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Sustainable Destinations: The Greenest Attractions in Texas

Gettin’ Eco-Friendly in the Lone Star State

Millions of acres across Texas teem with natural beauty. We often encouraged you to get outdoors and experience the hilltops, rivers, and forests of our great state in person, but this time, we will focus specifically on sustainable attractions.

But what does that mean? Well, when you build with sustainability in mind, you create spaces that place less of a strain on resources and the surrounding environment. Small considerations can add up to big savings on electricity, materials, and water, which is especially important for cities.

Join us on the road to greener pastures and the greenest attractions in Texas. We only hope to see more of them in the future!

1) The Beer Can House, Houston

Sustainable Destinations: The Greenest Attractions in Texas | First Choice Power

As the ultimate monument to recycling, The Beer Can House is the creation of John Milkovisch, who started the project in 1968. A retired upholster for the Southern Pacific Railroad, he began the project by inlaying rocks, marbles, and metal pieces into concrete and redwood, forming undulating landscape features around his home.

With the front and back yard covered, and Milkovisch tired of mowing the grass, he turned to the house and began adding aluminum beer can siding.

Almost 20 years later, the house began to dissolve beneath a layer of flattened beer cans, along with garlands made from beer cans that hung from the roof. Believe it or not, the recycled can garlands aided in lowering the family’s energy bills. It is estimated that over 50,000 cans adorn this incredible testament to recycling!

2) Barton Springs Pool, Austin

Sustainable Destinations: The Greenest Attractions in Texas | First Choice Power
Barton Springs photo courtesy of Ebony Porter.

Swimming holes surround the Capital City, but there is none more urban and storied than Austin’s Barton Springs Pool. Chlorine-free and fed from an underground spring, the pool is cleaned by a high-pressure water system that eliminates the algae from the all-natural limestone floor.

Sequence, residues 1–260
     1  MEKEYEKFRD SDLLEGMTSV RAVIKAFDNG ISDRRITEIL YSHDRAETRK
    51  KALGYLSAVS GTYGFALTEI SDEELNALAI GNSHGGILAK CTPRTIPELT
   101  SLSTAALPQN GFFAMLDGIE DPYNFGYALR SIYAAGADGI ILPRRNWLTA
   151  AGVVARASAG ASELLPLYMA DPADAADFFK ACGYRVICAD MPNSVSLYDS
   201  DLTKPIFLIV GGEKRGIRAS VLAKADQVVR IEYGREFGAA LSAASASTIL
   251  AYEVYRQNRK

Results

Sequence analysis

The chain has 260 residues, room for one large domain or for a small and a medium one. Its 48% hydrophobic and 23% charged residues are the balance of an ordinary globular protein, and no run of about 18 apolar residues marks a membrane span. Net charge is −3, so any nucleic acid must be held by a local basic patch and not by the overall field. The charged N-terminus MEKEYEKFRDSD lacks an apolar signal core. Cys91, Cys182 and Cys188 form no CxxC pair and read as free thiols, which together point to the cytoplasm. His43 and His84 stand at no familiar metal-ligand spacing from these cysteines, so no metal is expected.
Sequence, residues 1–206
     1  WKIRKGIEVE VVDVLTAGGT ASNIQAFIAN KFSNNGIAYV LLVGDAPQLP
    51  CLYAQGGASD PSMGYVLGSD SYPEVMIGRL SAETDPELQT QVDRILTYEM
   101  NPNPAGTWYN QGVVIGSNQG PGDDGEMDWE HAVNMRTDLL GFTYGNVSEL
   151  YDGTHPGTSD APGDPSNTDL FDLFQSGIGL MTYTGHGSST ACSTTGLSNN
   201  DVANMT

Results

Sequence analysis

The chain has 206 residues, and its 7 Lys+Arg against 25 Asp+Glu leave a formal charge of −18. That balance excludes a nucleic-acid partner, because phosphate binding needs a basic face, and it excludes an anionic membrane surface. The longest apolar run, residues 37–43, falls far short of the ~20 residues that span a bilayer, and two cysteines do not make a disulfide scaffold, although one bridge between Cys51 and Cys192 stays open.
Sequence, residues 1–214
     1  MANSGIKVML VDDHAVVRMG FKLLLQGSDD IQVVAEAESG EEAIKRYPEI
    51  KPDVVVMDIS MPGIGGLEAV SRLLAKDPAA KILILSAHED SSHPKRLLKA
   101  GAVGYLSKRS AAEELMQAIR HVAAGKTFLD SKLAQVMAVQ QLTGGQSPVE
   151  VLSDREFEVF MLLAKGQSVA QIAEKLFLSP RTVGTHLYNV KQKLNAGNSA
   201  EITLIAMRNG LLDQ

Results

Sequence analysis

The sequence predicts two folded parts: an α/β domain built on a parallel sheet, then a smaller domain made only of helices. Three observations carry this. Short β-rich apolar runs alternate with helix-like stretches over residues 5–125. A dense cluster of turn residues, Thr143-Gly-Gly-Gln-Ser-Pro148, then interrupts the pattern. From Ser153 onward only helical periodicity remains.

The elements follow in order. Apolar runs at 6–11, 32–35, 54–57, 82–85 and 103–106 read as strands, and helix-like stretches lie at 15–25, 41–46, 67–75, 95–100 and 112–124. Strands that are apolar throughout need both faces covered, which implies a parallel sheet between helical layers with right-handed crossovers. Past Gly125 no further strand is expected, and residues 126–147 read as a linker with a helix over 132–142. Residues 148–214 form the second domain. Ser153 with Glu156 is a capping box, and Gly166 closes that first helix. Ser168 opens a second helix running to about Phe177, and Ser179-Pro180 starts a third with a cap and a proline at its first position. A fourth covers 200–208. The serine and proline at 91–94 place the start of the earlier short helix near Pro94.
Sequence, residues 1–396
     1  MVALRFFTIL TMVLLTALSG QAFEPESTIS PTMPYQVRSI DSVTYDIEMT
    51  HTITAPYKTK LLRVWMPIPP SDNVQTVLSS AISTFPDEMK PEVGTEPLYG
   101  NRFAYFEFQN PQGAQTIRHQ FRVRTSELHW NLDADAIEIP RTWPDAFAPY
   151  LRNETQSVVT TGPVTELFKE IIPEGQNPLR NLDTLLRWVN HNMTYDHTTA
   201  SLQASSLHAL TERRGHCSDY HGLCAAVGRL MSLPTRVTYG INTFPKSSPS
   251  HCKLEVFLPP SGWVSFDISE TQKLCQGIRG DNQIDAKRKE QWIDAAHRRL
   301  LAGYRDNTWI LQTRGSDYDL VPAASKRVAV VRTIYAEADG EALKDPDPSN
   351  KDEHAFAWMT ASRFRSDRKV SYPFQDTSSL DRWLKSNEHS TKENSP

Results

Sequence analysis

Put your goggles on, and take a swim among the reeds growing from the floor of the pool along with the endangered Barton Springs Salamander. It’s truly a sustainable oasis, one that maintains a spring-fed 68 degrees F all year long.

3) Discovery Green, Houston

Sustainable Destinations: The Greenest Attractions in Texas | First Choice Power

In the heart of Downtown Houston sits Discovery Green, a soft green respite for children and adults alike. A welcome break from the surrounding concrete jungle of the largest city in the state, Discovery Green is an environmental exhibition.

Using the latest technology in “green” building practices, energy conservation, and environmentally friendly park operations, the park uses electricity from 100% clean, renewable wind sources, and as a result, offsets carbon dioxide pollution. By doing this, the park is projected to avoid an additional 6.2 million pounds of carbon dioxide!

The location of the site includes facilities for cyclists, and the buildings throughout the 12 acre park are positioned to maximize natural air flow, while also minimizing solar heat gain for interior spaces. The park is built with Ipe wood, a super-strong wood that’s naturally resistant to rot, insects, and fire. 60% of the Ipe wood used was sourced from sustainably-harvested forests.

They also rescued four large live oak trees that were threatened by development, and they’re now safely planted in the park to provide shade for park-goers.

4) The Flower Mound, Flower Mound

Sustainable Destinations: The Greenest Attractions in Texas | First Choice Power

A historic 12.576 acre site located thirty miles north of the Dallas-Fort Worth Metroplex, The Flower Mound is in the Tallgrass Prairie segment of the Texas Blackland Prairie. Otto Consolvo, long time resident of Flower Mound (where this “mound” exists) dedicated himself to saving this piece of native prairie from development. With the help of other concerned citizens, he successfully purchased the land in 1983.

Shards of pottery dated 700 AD have been found at the base of The Mound, which contains more than 400 varieties of plants and flowers. Not a single plow has ever pushed its way into The Mound, and it stands just as when the settlers first would have laid eyes on it, and as when the buffalo and antelope would have grazed upon it. A sustainable landmark and a monument to preservation, The Flower Mound serves as a holistic habitat for local wildlife, celebrating native beauty and drawing together a small community to keep its beauty intact.

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Born in Australia, Ebony has been in Texas long enough to consider herself a Texan-Aussie. Ebony has been writing for magazines, newspapers, and blogs, for more than 10 years. When she's not writing she's building quilts, growing her own food, or camping with her family somewhere far from the sounds of the city.